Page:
Following our look at the employment law lesson to be learned from Excitable Edgar in the John Lewis Christmas advert, our thoughts have turned other Christmas ads. Another, but quite different store, has produced a Christmas advert which has gone viral for its simple festive family message: Hafod Hardware in the Welsh town of Rhayader.

In the Hafod Hardware advert we see a two year old boy wake up and get ready for the day by doing his teeth and having breakfast.  He makes his to Hafod Hardware where he works diligently in the store, including by serving customers. At the end of the film, the boy turns into his father and the overall effect is both festive and warm, despite it costing only £100 to make.  If you haven’t seen it yet, it can be viewed in the article linked below.

So, what employment law lesson can we take from Hafod Hardware’s advert? Employers thinking of employing or offering work experience to children or young persons should be mindful of the laws and restrictions in place.

The employment of children and young persons is one of the most regulated aspects of employment law, with the protection of health, safety and welfare being the aim. A “child” is any person who is not over compulsory school age and a “young person” is someone over compulsory school age but under 18.  The Children and Young Persons Act is clear that assisting in a trade or occupation carried on for profit is considered to be employment even if they don’t receive payment – this will include a child helping in their family shop. 

Some of the main restrictions relating to the employment of children and young people include:

  • Children under 14 cannot be employed (although this may be relaxed under local byelaws for work such as a paper round or stacking shelves – employers should check with local authorities).
  • Children should only be employed for “light” work that is unlikely to be harmful to their health, safety or development or to impact upon school attendance.
  • Children are not entitled to the national minimum wage (NMW) but Young Persons are entitled to receive the NMW at a "young workers' rate", currently £4.35.
  • There are numerous restrictions on permitted hours of work, including no work before school on a school day and no work before 7am or after 7pm, with an overall limit of 2 hours’ work on a school day or Sunday, 5 hours on a non-school day (8 hours for those aged over 15) and 12 hours in any school term week.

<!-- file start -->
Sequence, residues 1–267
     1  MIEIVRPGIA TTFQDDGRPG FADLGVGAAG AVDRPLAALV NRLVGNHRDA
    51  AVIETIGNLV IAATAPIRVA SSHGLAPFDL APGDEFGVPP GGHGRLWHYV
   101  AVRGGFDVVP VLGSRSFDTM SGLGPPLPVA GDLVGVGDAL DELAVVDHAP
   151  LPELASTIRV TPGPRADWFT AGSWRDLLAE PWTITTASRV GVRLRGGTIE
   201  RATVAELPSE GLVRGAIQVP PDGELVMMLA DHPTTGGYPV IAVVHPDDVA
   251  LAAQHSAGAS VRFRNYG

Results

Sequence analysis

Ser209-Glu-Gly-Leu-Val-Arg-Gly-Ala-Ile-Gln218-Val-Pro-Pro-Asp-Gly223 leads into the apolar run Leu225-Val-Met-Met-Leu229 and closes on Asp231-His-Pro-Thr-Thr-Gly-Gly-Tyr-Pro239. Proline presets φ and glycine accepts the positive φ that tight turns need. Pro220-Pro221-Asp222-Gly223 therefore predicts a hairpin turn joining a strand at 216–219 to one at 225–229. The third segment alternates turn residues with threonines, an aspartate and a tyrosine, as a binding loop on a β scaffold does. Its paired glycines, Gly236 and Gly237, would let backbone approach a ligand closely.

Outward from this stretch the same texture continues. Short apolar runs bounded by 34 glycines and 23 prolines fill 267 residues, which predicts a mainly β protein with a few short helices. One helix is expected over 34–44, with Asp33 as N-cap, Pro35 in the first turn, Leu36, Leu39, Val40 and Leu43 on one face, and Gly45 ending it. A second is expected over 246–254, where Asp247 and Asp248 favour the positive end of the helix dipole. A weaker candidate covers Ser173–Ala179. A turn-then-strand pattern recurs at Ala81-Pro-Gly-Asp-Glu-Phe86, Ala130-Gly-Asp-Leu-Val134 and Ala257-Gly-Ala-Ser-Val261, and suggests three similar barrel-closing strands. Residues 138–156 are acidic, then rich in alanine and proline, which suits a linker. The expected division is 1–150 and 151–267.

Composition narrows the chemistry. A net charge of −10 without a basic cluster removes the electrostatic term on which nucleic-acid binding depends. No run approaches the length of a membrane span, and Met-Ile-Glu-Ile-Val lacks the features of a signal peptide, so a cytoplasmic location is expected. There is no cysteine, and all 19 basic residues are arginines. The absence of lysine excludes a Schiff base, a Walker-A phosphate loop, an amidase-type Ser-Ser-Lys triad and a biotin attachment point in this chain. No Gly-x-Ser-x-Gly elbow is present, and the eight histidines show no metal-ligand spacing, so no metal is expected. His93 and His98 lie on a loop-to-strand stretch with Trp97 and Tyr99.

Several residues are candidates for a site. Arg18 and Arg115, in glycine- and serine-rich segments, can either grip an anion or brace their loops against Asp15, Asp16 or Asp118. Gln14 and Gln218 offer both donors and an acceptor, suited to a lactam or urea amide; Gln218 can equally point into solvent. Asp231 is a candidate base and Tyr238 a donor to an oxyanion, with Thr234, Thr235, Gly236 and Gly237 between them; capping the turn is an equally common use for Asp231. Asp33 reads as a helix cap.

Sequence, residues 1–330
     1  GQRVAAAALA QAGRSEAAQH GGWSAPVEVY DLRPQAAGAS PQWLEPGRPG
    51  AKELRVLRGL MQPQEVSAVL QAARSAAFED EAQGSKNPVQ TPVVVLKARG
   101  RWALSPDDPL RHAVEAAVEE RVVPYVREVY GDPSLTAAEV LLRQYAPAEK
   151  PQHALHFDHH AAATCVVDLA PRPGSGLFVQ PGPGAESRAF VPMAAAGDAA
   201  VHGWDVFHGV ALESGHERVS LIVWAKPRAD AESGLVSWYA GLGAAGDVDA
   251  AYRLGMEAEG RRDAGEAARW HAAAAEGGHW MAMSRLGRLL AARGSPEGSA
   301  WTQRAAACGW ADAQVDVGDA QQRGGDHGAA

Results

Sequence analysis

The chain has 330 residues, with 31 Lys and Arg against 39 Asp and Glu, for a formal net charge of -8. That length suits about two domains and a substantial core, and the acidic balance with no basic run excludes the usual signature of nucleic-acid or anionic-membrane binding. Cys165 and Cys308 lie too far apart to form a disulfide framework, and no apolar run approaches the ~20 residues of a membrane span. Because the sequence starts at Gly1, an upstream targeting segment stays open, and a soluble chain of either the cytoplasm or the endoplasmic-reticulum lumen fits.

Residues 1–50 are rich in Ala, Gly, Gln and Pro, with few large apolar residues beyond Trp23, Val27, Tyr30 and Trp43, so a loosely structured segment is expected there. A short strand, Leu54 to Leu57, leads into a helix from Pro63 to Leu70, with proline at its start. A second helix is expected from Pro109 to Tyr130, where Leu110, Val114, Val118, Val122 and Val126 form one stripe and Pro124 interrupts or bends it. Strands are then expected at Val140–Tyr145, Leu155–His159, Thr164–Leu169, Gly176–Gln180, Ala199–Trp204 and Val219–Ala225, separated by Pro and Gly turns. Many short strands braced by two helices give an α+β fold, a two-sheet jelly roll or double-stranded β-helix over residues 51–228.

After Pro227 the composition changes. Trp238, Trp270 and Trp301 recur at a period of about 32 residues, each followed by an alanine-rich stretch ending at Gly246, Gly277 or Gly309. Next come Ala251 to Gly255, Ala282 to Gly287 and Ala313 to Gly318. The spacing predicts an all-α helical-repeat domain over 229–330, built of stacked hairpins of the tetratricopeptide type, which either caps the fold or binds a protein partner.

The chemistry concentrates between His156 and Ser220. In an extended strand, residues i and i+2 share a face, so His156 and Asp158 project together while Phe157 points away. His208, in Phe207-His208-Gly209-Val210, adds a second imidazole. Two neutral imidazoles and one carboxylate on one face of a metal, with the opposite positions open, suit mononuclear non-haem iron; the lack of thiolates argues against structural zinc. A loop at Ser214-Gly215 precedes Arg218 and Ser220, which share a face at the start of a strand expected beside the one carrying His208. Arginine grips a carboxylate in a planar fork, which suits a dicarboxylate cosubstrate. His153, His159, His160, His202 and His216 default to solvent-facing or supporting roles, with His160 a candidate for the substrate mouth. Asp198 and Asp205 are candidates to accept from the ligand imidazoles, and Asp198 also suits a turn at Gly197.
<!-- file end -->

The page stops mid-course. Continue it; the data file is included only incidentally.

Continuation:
• In school holidays, those under 15 should not be working more than 25 hours per week.  The limit for over 15’s is 35 hours.
  • There is no statutory right to paid annual leave but children must be given a two week break each year.
  • They must have a one hour rest break after working 4 hours.
  • Employers should ensure that the child has been:
  • adequately trained and supervised for the job they are required to do;
  • made aware of any of the risks that are involved in the job; and
  • provided with any necessary safety equipment and clothing.
  • If the employment involves the child in a performance, special permits and licences will need to be obtained.

Employers should:

  • Note the age limits and restrictions set out above and be cognisant that there are other limits which they will need to check. 
  • Check their local authority byelaws to ensure that the work proposed is agreed by the licensing authority.
  • Carry out a risk assessment and check any other health and safety requirements.
  • Ensure that its Employer’s Liability Insurance covers the employment of children.
  • Be aware of the rules on safeguarding children set out in the Safeguarding Vulnerable Groups Act 2006, including conducting appropriate DBS checks.